Jeju-do (transliterated Korean for Jeju Province, short form of Jeju Special Autonomous Province or Cheju Island) is the only special autonomous province of South Korea, situated on and coterminous with the country's largest island. Jeju-do lies in the Korea Strait, southwest of Jeollanam-do Province, of which it was a part before it became a separate province in 1946. Its capital is the city of Jeju.
Jeju, on 1 July 2006, was made into the first and only special autonomous province of South Korea. The island contains the Natural World Heritage Site Jeju Volcanic Island and Lava Tubes.
In Korean, do is the phonetic trancription of two distinct hanja (Chinese characters) meaning "island" and "province". However, Jejudo generally refers to the island, while Jeju-do refers to the government administrative unit.
In 2005, Jeju residents approved, by referendum, a proposal to merge Bukjeju County into Jeju City, and Namjeju County into Seogwipo City. Effective 1 July 2006, the province was also renamed Jeju Special Autonomous Province with two nominal subdivisions, Jeju and Seogwipo city. In addition to changes in name, the province has been given extensive administrative power that has been reserved for the central government. This is part of plans to turn Jeju into a "Free International City".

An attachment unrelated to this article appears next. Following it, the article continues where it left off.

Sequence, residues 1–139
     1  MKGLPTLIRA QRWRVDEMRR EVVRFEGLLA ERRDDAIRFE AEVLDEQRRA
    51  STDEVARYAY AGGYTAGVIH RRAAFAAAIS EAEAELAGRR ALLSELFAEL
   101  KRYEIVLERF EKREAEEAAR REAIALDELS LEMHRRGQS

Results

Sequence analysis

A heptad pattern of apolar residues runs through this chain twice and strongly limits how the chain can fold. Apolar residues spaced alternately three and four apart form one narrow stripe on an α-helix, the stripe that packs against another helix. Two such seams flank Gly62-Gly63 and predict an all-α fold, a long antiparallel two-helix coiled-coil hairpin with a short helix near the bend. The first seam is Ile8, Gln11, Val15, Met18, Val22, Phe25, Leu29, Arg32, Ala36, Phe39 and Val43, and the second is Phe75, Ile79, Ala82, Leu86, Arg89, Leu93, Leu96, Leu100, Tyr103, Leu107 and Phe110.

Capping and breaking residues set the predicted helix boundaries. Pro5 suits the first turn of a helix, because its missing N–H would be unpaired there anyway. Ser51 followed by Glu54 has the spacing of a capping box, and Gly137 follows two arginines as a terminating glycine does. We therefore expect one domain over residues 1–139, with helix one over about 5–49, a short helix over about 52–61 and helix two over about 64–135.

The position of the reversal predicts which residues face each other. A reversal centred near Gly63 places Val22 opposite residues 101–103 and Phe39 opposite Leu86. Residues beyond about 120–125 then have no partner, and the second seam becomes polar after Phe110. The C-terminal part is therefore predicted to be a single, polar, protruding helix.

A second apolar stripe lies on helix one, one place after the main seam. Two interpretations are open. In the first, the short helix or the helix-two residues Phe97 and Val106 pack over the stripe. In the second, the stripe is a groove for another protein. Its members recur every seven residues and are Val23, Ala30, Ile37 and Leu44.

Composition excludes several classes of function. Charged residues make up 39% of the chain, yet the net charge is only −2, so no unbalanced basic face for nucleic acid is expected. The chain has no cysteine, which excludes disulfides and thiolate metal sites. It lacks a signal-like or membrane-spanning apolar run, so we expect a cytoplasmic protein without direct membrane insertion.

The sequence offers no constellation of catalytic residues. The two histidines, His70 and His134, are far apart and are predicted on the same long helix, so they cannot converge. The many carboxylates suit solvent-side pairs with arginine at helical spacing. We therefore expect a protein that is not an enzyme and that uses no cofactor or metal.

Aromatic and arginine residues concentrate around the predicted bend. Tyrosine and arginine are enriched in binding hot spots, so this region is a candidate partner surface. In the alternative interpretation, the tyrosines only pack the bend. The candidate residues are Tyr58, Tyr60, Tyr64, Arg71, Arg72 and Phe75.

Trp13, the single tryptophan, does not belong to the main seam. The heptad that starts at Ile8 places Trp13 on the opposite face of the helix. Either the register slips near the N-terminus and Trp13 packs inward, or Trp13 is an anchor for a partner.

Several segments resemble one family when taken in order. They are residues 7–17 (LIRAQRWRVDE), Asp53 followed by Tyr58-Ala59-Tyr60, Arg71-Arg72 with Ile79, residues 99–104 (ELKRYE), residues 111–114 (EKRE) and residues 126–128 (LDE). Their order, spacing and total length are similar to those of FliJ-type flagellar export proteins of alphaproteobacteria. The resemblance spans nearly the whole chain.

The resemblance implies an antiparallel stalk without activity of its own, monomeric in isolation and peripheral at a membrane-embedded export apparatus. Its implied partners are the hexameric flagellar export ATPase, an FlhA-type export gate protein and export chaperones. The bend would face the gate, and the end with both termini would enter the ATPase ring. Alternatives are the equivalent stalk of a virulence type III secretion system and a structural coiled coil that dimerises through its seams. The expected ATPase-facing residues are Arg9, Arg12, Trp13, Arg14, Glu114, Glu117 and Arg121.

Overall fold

Society and culture
Bangsatap are small, round towers made of many stones. There are many Bangsataps and you can see them near the countryside in Jeju. People usually pile up many stones, making a shape like a tower in order to protect themselves from the bad luck in their village. They have built Bangsatap according to the theory of divination because they believe that geography is very important in choosing the right place for them. It is also a good example to demonstrate religious belief in Jeju island because it is an object that people can rely on putting rice paddle inside the Bangsatap to gather as much money as possible and also putting an iron pot to overcome a disaster and fight fire in their village. Nobody knows that when the Bangsatap was built in the past year.
Hallim Park is one of the oldest and most popular tourist attractions on Jeju. It is located on the west coast of the island.
There is an annual fire festival on the island that stems from a custom of removing harmful insects and old grass in villages every winter. The fire festival is held on the fifteenth day of the first lunar month each year. Dal-gip(to pile up much wood) is burned when the moon rises while praying for good harvests and making good wishes. Jeju traditional food is all eaten at the site of the festival. This festival was held 13 times until 2009. The Jeju Jeongwol Daeboreum Fire Festival started in 1997 and become a leading festival of Jeju. This takes place in Saebyeol Oreum located in Bongseong ri, Aewol Eup. It takes up 25 minutes from Jeju International Airport by car. Jeju citizens do their utmost to prepare the Fire Festival so as to pass down, develop and ultimately develop branding for the unique folk culture resources of Jeju. Saebyeol oreum has a characteristic of a complex volcano. It has the horseshoe shaped crater that is both very wide and slightly split. Also, it is rising high with the little peaks making oval from the south peak to northwest. The scale is above the sea level 519.3m, height 119m, circumference 2,713m, area 522,216㎡. Saebyeol oreum, which is the middle size among the 360 oreums in Jeju island. It's named after the saying "it brightens like a star".